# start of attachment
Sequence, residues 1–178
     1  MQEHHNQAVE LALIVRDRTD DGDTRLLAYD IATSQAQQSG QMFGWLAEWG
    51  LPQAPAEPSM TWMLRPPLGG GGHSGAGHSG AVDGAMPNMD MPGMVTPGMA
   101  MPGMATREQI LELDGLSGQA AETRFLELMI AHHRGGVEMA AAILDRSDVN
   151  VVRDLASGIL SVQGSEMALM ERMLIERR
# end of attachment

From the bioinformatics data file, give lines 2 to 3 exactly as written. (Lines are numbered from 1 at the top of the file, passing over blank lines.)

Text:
     1  MQEHHNQAVE LALIVRDRTD DGDTRLLAYD IATSQAQQSG QMFGWLAEWG
    51  LPQAPAEPSM TWMLRPPLGG GGHSGAGHSG AVDGAMPNMD MPGMVTPGMA